Endovascular vs. Open Aortic Repair

Aortic disease kills about 10,000 people in the US every year, and aortic aneurysms in particular are an emergent subset of aortic disease3. Aortic aneurysm rupture is often a fatal condition, and thus surgical therapies, either open surgery or endovascular repair, aim to prevent rupture from occurring. There have been four main randomized trials that compared patient outcomes from either type of procedure: DREAM, EVAR trial 1, OVER and ACE1. Of these four trials, the first three show an early survival benefit to endovascular repairs, but the long-term maintenance of this survival benefit varies between trials1. Moreover, the DREAM and EVAR trials found that endovascular procedures were associated with increased complications requiring secondary surgeries, which increase morbidity and mortality1. These findings call conventional wisdom that less invasive procedures are better for patients into question, particularly when looking at the long-term outcomes of patients included in the trials.  

A study published in the Society for Vascular Surgery in 2017 revisited the data from the DREAM study and reinvestigated long-term outcomes for the patients in it1. These patients all had abdominal aortic aneurysms and were randomly assigned to receive either open surgery or endovascular repair1. Overall, this study found that, 12-15 years post-aneurysm repair, there seemed to be no survival difference between the two procedures1. They replicated that early survival benefit with endovascular aortic repair seen in the earlier trials, however data did not agree with the earlier hypothesis that long-term survival post-endovascular repair would be decreased due to a higher incidence of secondary procedures1. They also did not find any association between endovascular repair and cancer, even though previous studies had hypothesized an increased mortality due to cancer from ionizing radiation from the procedure1. However, two patients followed in this study died after more than 6 years of follow-up due to issues with durability of the stent grafts1. This finding is reinforced by the data showing that many of the secondary procedures post-endovascular repair were related to the stent, while secondary procedures after open heart surgery are uncommon1. However, the paper asserts here that despite these issues, there was no significant difference between open heart and endovascular procedures in terms of safety or long-term survival1. Having the option to do a minimally invasive repair has, however, allowed patients who could not tolerate open surgery to be treated, decreasing the number of deaths attributed to AAA rupture1.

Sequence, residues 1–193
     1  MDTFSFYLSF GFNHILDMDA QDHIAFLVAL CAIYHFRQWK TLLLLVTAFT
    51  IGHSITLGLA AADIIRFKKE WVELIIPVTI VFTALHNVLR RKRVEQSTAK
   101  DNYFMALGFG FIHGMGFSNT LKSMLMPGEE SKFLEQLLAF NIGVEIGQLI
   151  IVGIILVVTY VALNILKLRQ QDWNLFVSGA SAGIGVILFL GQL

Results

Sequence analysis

Thoracic aortic aneurysms involve the aortic root, ascending aorta, aortic arch or descending aorta, and are often associated with connective tissue disease or the bicuspid aortic valve2. In the case of TAAs, endovascular repair is indicated only if the aneurysm is > 5.5 cm, and open surgery is indicated if the aneurysm is > 6.0 cm, and these guidelines vary for different high-risk populations2. Descending TAAs resemble AAAs in etiology, however indications for open surgery vs. endovascular repair are a bit more variable2. Open surgery is considered a major operation, associated with significant morbidity and mortality risks, including paraplegia2. Though there is a lot of variability in outcomes post-endovascular repair for DTAA, preliminary studies suggest that endovascular repair may be associated with lower perioperative and post-operative morbidity2. Literature for DTAA repair is limited and will likely be a burgeoning field of study in the coming years2.  


  1. van Schaik TG, Yeung KK, Verhagen HJ, de Bruin JL, van Sambeek MRHM, Balm R, Zeebregts CJ, van Herwaarden JA, and Blankensteijn JD. Long-term survival and secondary procedures after open or endovascular repair of abdominal aortic aneurysms. Society for Vascular Surgery, 2017; 66(5): 1379-1389. doi: 10.1016/j.jvs.2017.05.122
  1. Swerdlow NJ, Wu WW, and Schermerhorn ML. Open and Endovascular Management of Aortic Aneurysms. Circulation Research, 2019; 124: 647-661. doi: 10.1161/CIRCRESAHA.118.313186 
  1. Benjamin EJ, Virani SS, Callaway CW, et al.; American Heart Association Council on Epidemiology and Prevention Statistics Committee and Stroke Statistics Subcommittee. Heart disease and stroke statistics-2018 update: a report from the American Heart Association. Circulation, 2018; 137: e67–e492. doi: 10.1161/CIR.0000000000000558
Share this: